Currently nuclear energy provides electricity to nearly 1 billion people in the world. It is a safe and environmentally friendly way to produce the ever growing energy demands for the next generations. These demands lead to great advances in the already efficient nuclear fuel cycle. The next generations of nuclear power plants broaden further the capabilities of these plants. This newest generation is called “Generation IV” or the Very High Temperature Reactors. However this technology is still in the research stage but is expected to be available for commercial use by 2025. One problem that still needs worked out is how the exit coolant is going to reach the very high temperatures. Because of these very high temperatures in the coolant, research is also being conducted on the heat coatings for the parts in contact with this 900 degree Celsius coolant, especially the fuel pellets themselves. The fuel in these plants also needs to last 200,000 MWD/MTU and 1300 degrees Celsius, which is slightly more than normal.
Most of the research and development will be based on observations on future test reactors of this type. Some of these features that need to be assessed are the effects of the direct cycle on existing system codes required, the reactivity insertion events, the thermal mixing at core outlet, and the transient models need qualification.
The Very High Temperature Reactor, or VHTR, has a once through uranium fuel cycle which is graphite-moderated and has a helium cooled reactor. What makes this reactor unique is that it allows for an outlet temperature of 1000 degrees Celsius. This enables hydrogen production by means of an indirect cycle. This indirect cycle would use a heat exchanger allowing the exhaust heat to be used in a hydrogen production facility. Also, the exhaust heat can be used for other purposes in the industries that require heat but not necessarily electricity. If not used for these purposes, the high temperature exhaust heat could then be put through a second steam turbine drawing more electricity and making the cycle even more efficient. These processes can be seen in figure 1.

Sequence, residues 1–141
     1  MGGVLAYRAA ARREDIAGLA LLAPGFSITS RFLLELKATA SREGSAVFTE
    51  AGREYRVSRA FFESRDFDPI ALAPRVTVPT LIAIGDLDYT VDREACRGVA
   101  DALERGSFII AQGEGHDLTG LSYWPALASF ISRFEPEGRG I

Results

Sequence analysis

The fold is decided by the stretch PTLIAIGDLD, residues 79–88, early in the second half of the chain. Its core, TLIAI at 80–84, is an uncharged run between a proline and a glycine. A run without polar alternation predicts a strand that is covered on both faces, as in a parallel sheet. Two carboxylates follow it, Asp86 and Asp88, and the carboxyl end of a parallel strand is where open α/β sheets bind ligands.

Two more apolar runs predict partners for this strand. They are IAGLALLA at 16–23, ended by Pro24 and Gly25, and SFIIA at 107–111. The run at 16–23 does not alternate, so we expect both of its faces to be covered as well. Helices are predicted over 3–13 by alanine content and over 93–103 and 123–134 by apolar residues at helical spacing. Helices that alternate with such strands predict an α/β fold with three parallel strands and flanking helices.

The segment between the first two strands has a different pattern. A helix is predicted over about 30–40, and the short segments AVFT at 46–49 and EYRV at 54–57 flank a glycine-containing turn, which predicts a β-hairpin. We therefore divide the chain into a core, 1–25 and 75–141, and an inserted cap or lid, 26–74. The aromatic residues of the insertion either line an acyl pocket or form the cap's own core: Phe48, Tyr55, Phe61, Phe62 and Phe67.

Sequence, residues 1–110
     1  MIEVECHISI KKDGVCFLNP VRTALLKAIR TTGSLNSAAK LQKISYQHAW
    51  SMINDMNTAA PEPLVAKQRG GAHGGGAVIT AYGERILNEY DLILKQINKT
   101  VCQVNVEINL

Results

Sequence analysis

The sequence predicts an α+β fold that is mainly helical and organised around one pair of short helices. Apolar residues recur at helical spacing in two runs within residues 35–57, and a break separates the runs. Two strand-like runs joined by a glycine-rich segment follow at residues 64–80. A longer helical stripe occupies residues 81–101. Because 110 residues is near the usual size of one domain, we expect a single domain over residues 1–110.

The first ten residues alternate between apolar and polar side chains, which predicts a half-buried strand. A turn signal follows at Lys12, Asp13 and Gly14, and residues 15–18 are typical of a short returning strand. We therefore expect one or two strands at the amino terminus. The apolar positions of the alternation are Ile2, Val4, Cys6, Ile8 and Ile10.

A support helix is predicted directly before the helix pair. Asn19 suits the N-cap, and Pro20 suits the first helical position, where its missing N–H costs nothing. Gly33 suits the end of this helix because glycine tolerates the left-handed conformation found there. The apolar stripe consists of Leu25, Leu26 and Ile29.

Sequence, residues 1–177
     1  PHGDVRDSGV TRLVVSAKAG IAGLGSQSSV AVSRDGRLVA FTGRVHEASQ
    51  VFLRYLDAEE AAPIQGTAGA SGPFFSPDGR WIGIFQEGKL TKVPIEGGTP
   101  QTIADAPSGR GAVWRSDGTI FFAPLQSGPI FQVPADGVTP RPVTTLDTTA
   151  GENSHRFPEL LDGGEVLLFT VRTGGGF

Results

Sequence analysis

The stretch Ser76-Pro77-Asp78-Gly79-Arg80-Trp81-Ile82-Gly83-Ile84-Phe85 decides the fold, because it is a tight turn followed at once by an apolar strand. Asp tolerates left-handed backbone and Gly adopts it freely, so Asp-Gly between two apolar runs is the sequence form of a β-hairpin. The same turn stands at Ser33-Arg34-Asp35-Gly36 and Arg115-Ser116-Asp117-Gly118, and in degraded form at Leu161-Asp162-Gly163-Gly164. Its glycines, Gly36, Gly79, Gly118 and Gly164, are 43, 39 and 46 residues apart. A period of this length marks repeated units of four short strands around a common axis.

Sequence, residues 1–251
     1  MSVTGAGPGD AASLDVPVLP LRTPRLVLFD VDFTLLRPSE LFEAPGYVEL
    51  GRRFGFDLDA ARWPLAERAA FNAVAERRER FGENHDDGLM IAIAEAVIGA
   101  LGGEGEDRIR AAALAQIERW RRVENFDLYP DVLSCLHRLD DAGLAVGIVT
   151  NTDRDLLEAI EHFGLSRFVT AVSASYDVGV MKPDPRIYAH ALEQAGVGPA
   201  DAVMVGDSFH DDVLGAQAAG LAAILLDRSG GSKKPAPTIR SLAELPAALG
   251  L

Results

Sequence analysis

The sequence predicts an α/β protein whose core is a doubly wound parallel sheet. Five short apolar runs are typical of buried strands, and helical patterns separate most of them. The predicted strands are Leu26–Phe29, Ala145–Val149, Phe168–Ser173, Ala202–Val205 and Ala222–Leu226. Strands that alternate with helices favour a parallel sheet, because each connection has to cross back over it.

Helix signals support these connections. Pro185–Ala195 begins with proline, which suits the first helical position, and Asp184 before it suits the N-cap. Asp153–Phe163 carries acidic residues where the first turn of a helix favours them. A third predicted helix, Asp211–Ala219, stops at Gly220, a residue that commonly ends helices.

This system can adapt to use both U and PU fuel cycles with very little waste comparatively. The core can be made as either a prismatic block or a pebble-bed core. This system offers the same characteristics as most modular high temperature gas-cooled reactors but has a more energy efficient concept with the ability to use the very high exhaust temperature in practical applications.
Figure 1. Reactor systems using He gas to produce electricity
Rennhack, Michael D. “VHTR ? Very-High-Temperature Reactor System” 04/15/2006 http://www.nukeworker.com/pictures/thumbnails-475.html
Idaho National Laboratory “Very High Temperature Reactor (VHTR)” 10/22/2007 http://nuclear.inl.gov/gen4/vhtr.shtml
Ogawa, Masuro. “Very Hight Temperature Reactor(VHTR)” 6/25/2002 http://gif.inel.gov/roadmap/pdfs/p_grns_june_25-27_presentation_gp32-00.pdf